How to treat and care for dry socket
When teeth are pulled, especially wisdom teeth, you may experience something that is commonly referred to as, “dry socket.” Dry socket is a painful condition that can accompany the removal of a tooth. It’s treatable, though it’s best if you can prevent dry socket from happening altogether.
Dry socket happens when a bone or nerve in the socket is exposed after an adult tooth has been pulled out or removed. If everything goes according to plan, you would have a blood clot to form that would protect the socket. When this clot doesn’t happen, your mouth becomes prone to infection, especially from the food, drinks, and even air around you. You might notice that you’re suffering from dry socket if you’re noticing intense pain following your wisdom tooth being extracted. However, if you notice that the pain is excruciating and accompanied by a radiating nerve pain heading towards your ear, contact us immediately. This can be a symptom of dry socket.
You are at risk for dry socket if you have had dry sockets in the past. If you have had wisdom teeth extracted, use birth control, smoke, drink alcohol, have poor dental hygiene, or have had an extraction due to an accident or an infection in the mouth, you are at a higher risk for dry socket.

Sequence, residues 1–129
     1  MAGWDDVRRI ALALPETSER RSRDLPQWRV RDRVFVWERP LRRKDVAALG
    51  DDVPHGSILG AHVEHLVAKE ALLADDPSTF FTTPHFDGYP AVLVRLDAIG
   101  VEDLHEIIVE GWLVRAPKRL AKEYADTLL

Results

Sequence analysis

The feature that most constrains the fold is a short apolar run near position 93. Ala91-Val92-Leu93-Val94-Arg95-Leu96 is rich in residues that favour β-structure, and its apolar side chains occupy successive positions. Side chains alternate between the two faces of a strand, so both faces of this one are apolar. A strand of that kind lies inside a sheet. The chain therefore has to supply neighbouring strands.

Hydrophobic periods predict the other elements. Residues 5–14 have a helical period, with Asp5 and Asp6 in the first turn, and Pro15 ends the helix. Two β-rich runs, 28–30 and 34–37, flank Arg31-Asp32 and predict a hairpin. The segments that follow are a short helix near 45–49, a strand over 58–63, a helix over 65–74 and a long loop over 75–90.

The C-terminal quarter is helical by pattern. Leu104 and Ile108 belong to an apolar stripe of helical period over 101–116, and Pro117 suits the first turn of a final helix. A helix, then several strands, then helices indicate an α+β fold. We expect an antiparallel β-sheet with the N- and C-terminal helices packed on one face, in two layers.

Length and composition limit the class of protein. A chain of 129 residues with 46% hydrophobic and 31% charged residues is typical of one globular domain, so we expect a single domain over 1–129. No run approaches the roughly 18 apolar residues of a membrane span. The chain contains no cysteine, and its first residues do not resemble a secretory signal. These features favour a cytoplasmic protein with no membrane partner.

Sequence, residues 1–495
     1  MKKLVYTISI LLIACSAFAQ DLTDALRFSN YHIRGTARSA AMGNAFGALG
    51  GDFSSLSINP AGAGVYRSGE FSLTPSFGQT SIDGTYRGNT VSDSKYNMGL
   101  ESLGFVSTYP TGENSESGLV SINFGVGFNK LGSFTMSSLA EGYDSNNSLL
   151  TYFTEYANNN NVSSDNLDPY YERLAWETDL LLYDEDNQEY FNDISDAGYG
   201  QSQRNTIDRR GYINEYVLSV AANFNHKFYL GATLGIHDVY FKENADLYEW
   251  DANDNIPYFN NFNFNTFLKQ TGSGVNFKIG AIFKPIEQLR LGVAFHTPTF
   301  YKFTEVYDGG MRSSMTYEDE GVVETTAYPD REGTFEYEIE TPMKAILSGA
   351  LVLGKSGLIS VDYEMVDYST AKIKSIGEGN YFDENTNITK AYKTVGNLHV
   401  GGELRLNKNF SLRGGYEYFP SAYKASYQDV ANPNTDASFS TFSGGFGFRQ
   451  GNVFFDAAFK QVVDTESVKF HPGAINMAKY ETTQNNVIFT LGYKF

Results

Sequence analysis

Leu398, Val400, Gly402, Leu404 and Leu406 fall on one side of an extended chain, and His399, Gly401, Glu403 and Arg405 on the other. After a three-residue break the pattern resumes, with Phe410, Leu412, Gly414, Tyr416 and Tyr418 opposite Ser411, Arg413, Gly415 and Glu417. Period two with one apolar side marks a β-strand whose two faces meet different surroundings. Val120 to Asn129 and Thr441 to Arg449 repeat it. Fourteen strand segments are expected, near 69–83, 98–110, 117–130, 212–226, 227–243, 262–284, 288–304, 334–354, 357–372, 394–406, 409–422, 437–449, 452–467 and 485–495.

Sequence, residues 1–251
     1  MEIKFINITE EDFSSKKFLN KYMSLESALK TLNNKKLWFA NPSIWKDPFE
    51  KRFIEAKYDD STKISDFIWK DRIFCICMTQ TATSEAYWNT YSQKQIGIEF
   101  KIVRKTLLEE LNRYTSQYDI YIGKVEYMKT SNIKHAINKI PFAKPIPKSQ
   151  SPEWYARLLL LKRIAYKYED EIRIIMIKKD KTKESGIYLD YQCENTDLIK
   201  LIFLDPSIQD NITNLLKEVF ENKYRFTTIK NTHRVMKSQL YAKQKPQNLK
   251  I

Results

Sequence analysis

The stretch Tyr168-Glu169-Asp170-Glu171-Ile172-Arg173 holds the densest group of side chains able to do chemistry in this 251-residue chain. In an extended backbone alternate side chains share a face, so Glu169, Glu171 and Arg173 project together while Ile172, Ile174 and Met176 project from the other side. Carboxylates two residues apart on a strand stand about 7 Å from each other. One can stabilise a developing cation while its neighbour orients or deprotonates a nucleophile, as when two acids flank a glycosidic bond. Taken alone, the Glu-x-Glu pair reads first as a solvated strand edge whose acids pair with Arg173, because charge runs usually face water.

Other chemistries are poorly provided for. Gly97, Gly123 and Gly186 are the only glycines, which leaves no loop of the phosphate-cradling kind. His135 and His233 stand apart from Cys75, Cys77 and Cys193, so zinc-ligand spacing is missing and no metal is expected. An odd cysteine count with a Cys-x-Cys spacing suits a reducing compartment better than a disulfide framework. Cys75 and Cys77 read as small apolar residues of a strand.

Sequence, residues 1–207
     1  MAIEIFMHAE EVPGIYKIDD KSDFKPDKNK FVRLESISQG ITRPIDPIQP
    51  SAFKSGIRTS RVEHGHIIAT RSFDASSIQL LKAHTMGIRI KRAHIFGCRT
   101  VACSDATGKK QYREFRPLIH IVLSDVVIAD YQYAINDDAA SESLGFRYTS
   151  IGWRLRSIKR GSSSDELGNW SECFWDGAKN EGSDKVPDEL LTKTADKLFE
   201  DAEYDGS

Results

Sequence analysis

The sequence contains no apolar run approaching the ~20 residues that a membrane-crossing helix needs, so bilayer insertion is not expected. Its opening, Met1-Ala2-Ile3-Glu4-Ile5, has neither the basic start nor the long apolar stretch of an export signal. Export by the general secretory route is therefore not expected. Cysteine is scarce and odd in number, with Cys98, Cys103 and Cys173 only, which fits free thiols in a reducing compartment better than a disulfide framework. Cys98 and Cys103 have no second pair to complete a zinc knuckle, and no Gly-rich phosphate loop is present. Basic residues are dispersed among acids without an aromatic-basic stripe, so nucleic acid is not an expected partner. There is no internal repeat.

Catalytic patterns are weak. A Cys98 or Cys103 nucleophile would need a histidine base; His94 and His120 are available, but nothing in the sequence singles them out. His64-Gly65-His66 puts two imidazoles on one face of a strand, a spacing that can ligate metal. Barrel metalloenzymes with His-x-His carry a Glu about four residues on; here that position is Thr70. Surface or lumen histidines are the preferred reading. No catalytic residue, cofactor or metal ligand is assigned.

If you take medication that doesn’t allow your blood to clot, it’s important to let us know. Taking medication that inhibits blood clotting can also cause dry socket since the open wound is not allowed to properly clot.
To continuously prevent dry socket, it’s important to follow the oral care plan that your dentist gives you, after your procedure. If you were prescribed oral antibiotics or antiseptics, be sure to use them as instructed. Following your dentist’s post-op plan is one of the first means of preventing dry socket. Some of the methods that you will be given may include not rinsing for 24 hours, not drinking from straws, no smoking, avoiding hot foods and drinks, avoiding anything that’s crunchy such as nuts or potato chips, avoiding alcoholic beverages, and being aware of the amount of physical activity that you are going through for the next week.
While these are not guaranteed ways to ensure you don’t suffer from dry socket, these are the major steps that can prevent dry socket from happening after an oral procedure. If your dentist prescribes or instructs anything else to help, be sure to follow those instructions.
Dry socket is uncommon. In the event that you still suffer from dry socket, there are several ways that it can be treated. Of course, you want to contact us immediately if you are concerned about dry socket. We would be able to give you the best recommendations on how to treat your condition. Some of what we would recommend would include painkillers, topical medication, flushing and rinsing, and going through the same care methods as listed above. You will still have to avoid straws, drinking, smoking, and strenuous physical activity.